As the city of Ferguson and the greater St. Louis metropolitan region braces for the impending grand jury verdict related to the officer involved in the Michael Brown shooting, multiple questions still loom.
Why is this a big deal to minorities? Why are minorities so angry, especially about an event that did not affect them personally?
Why are minorities protesting what some would consider to have been a lawful and necessary response of force by a police officer? Why are some minority groups presenting themselves as victims trapped in an unfair system?
The simple answer is that these groups feel either unrecognized or powerless when events like the Michael Brown shooting occur.
They regularly search for ways to express their frustration when the people and organizations that are charged with helping and serving their community seem to instead regularly inflict pain upon those communities.
In “Pedagogy of the Oppressed,” Latin American educator Paulo Freire discusses the intricacies, challenges and opportunities found within a society where one people group feels like they are being oppressed by another people group.
Freire also addresses how to change the dynamics of the relationship in order to stop the oppression and repair relationships.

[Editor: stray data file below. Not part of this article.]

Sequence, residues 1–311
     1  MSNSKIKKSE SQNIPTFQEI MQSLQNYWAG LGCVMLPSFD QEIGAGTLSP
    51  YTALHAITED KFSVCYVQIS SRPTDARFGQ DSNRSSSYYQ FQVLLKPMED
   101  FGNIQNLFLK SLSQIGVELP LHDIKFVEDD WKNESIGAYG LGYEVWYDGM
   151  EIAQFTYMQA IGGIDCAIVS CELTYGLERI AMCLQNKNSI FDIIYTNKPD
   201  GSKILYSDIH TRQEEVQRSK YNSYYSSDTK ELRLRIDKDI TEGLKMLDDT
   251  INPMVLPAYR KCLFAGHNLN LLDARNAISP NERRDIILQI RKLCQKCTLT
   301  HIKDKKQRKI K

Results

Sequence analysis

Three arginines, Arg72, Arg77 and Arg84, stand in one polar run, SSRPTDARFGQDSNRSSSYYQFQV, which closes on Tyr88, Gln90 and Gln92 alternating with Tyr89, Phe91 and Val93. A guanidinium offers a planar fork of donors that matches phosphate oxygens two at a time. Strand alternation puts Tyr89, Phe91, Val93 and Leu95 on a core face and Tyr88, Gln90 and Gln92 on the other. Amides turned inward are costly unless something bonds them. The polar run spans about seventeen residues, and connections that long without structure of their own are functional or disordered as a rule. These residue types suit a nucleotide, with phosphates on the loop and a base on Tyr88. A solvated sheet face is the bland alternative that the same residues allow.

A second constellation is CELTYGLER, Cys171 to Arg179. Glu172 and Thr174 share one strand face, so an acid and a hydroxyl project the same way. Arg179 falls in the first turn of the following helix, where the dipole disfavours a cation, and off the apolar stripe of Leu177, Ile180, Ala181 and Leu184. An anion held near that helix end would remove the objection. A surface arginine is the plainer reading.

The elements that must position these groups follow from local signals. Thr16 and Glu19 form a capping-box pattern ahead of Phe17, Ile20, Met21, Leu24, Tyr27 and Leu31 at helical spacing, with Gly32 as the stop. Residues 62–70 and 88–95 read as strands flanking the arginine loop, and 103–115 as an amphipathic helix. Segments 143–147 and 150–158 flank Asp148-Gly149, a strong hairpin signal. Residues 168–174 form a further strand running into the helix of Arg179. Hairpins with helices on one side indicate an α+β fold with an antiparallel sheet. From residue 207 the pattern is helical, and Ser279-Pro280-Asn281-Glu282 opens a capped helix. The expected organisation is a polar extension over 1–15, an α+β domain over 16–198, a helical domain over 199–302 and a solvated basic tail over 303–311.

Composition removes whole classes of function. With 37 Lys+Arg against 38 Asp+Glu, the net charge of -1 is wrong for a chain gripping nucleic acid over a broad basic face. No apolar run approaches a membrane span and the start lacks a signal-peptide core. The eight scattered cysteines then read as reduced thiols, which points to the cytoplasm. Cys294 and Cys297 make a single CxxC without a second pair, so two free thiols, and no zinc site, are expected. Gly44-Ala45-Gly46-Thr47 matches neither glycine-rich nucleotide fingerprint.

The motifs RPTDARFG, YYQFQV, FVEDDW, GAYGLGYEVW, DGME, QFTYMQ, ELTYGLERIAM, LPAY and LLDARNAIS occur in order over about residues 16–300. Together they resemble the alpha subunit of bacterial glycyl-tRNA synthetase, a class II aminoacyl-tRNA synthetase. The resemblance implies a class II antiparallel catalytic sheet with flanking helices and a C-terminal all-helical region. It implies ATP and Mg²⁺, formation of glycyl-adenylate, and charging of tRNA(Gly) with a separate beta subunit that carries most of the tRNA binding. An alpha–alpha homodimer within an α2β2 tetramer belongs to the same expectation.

Within the text, Freire defines oppression as any action or set of actions that causes a person or people group to not feel fully human or to not be perceived as fully human.
Racial profiling fits under this broad umbrella as well as racially based disinvestment and marginalization.
Based on the evidence of statistical data that has been accumulated and analyzed in the weeks and months following the shooting, there are multiple reasons for minority groups in Ferguson and the St. Louis metropolitan area to feel like they have been oppressed simply because of the color of their skin or their residential address.
Please understand that I am not saying that people within the Ferguson community are oppressed in the same manner as the people living under communist rule who were studied by the author.
But, the people involved in the Ferguson protests clearly feel like they have been marginalized in multiple ways that have made them feel less than human.
According to Freire, the first step to working through the contentious relationships between the perceived oppressor and the perceived oppressed is for there to be a clear acknowledgement of the oppression.
This acknowledgment needs to occur by all parties involved.
Those who are members of the group that has been perceived to oppress have the opportunity to listen to those who feel as if they have been oppressed and understand their points of view without trying to make the people that feel oppressed look like they are less than human.
Freire says that when oppressors are challenged, they will use specific language to begin to describe those who no longer want to be oppressed, such as “those people.”
These words are often used to describe those who have begun to fight against what they understand to be longstanding injustices.